As a young person it can be remarkably challenging in accessing healthcare services. Sometimes it feels impossible to access them at all. Drawing from my own experiences, this blog explores why young people’s voices are so pertinent in ensuring they receive the great healthcare they are entitled to.
The struggles as a young person
My journey began when I had a severe allergic reaction at 16. I was immediately rushed to A+E, but I endured a daunting and uncomfortable 7 hour wait, feeling glares on me due to my noticeable allergic reaction. I did eventually manage to see a doctor and a nurse practitioner, who prescribed me some medication and ointment. Based on past experiences, I was worried that the treatment I was recommended wouldn’t be effective or work, so I raised this concern with the doctor who gave the response that she was the doctor and she knew best. Afraid of confrontation, I didn’t argue my case any further, even though there were so many other concerns I had. I was too afraid I wouldn’t be listened to.
The following morning, I woke up to find my allergic reaction had spread over my whole body. I was adamant when I told my parents that I wanted to stay at home, too embarrassed to have everyone see me like this. But with some encouragement from my parents, I finally took the courage to go back to A+E to get the treatment I deserved, where I managed to recover. Throughout my whole experience, I felt inferior, defeated and voiceless. If the doctor had just listened to me initially, then perhaps my allergic reaction progressing any further could have been prevented.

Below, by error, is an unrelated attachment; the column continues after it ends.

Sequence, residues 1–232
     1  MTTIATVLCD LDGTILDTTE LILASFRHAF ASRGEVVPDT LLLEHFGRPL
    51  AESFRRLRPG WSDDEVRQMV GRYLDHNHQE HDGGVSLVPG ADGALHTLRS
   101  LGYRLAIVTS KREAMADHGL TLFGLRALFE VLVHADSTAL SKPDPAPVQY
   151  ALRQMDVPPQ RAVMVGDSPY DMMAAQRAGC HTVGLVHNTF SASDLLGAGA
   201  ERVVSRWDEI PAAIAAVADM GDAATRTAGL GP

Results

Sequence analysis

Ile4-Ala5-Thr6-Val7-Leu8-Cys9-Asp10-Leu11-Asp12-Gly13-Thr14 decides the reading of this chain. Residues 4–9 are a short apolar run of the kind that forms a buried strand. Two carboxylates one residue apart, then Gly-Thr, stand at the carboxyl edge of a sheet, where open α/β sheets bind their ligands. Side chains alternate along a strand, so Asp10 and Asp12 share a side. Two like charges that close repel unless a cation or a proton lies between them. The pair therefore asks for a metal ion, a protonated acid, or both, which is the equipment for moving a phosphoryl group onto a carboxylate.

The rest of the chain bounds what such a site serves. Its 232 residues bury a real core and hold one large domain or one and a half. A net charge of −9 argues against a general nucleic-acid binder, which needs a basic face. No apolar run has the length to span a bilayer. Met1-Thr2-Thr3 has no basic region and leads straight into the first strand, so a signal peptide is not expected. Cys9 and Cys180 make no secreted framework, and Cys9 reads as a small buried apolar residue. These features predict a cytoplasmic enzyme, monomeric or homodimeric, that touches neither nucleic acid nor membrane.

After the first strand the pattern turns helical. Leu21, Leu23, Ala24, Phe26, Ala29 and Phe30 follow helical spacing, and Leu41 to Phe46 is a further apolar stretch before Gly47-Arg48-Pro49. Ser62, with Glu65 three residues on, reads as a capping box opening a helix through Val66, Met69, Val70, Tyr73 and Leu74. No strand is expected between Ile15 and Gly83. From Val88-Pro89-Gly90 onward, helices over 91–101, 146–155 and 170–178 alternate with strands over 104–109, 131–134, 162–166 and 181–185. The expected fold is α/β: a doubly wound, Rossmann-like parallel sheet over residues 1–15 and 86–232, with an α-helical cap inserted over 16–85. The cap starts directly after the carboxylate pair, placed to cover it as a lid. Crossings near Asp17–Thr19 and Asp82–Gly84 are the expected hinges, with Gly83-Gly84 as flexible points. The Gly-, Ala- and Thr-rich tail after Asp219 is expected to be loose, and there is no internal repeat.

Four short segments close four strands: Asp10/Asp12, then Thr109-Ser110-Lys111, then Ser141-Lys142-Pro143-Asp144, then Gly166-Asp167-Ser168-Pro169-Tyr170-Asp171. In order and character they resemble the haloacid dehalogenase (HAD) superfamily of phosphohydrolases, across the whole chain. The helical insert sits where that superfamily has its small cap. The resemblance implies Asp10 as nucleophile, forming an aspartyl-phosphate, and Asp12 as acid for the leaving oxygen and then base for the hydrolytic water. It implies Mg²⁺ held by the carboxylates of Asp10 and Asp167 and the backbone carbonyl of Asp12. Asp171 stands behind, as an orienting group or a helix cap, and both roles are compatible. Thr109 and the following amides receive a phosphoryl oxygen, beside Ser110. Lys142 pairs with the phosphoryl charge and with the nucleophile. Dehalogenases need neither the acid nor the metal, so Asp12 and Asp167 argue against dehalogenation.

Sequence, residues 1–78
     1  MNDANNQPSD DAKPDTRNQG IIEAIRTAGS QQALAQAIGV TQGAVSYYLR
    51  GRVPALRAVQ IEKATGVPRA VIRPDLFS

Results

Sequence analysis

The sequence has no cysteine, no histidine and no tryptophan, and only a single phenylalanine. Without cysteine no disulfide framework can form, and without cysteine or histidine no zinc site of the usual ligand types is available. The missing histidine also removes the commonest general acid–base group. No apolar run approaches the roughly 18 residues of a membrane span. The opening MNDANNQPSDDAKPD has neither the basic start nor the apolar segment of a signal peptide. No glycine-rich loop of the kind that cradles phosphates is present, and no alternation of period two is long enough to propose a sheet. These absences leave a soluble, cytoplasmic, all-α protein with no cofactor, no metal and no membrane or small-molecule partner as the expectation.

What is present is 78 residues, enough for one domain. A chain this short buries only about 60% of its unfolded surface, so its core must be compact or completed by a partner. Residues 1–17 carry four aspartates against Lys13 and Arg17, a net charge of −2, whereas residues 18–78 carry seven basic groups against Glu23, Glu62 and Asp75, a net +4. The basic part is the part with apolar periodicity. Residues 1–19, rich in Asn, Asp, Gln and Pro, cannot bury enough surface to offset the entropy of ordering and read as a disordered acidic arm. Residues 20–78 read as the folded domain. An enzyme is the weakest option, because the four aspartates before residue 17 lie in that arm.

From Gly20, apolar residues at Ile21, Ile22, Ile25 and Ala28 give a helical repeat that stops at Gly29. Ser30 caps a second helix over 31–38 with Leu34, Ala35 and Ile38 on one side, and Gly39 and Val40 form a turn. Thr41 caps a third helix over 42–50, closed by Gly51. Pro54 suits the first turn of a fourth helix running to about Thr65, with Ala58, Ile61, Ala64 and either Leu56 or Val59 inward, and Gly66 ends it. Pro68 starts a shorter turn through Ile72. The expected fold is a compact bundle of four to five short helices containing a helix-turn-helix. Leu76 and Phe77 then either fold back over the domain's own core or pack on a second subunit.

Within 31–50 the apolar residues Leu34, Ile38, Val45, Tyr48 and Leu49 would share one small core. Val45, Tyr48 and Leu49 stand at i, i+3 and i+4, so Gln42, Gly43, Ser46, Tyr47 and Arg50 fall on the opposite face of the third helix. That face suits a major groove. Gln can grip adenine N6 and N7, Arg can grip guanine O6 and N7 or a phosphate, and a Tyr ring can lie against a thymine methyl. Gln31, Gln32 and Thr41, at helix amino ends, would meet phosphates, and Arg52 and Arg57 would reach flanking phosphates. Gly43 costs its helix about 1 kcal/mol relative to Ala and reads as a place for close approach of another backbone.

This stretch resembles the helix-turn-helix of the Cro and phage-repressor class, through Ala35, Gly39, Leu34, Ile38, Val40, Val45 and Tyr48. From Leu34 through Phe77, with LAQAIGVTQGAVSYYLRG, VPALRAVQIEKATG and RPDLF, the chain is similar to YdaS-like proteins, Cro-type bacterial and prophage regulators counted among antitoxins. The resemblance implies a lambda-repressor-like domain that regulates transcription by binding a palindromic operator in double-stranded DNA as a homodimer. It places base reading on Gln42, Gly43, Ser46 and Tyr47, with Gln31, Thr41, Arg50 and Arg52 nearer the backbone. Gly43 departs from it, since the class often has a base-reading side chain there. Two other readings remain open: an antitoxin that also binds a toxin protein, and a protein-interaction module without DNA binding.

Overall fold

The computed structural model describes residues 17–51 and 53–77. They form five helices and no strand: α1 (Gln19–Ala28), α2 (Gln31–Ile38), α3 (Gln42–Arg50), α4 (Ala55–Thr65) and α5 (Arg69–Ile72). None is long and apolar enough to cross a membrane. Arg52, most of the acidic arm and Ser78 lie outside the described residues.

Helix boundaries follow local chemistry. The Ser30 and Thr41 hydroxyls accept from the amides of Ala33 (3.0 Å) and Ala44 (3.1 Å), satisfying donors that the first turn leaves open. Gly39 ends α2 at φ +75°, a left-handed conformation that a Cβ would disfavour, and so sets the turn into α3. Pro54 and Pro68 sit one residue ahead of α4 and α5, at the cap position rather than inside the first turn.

Since then, I’ve had frequent minor allergic reactions and countless trips to my GP in hopes of being able to find a long term treatment for my allergic reactions. My experience in A+E made me feel I had no hope at all. Eventually, through a referral from my GP, I was diagnosed with Chronic Urticaria, an autoimmune response, which had been what caused my body to have such frequent allergic reactions. I now have a long term care, and I can finally say my health is in a good place.
Why are youth voices so important?
It can feel like a constant battle trying to get your voice heard as a young person, not being believed in, or taken seriously enough. Sometimes, you question the point in accessing services if you’re not going to be listened to, or you feel like you’re never going to get anywhere in terms of help. Having input in shapingwhat works for you and what doesn’t, and not having to consent to everything to please everyone else is vitally important. It’s all about ownership, and young people having the autonomy to have a say in their own health.
It’s about taking small steps, in being honest and open about your health to healthcare professionals. We can be swayed by letting one bad experience preclude our judgement, making us fearful or anxious of any encounters we may have with healthcare services in the future. Receiving the right kind of help can take time and be draining, but we have to persist and continue to reach out for help because someone along the way will listen and your voice will be heard. And once you receive the right kind of help, you can finally feel yourself get better.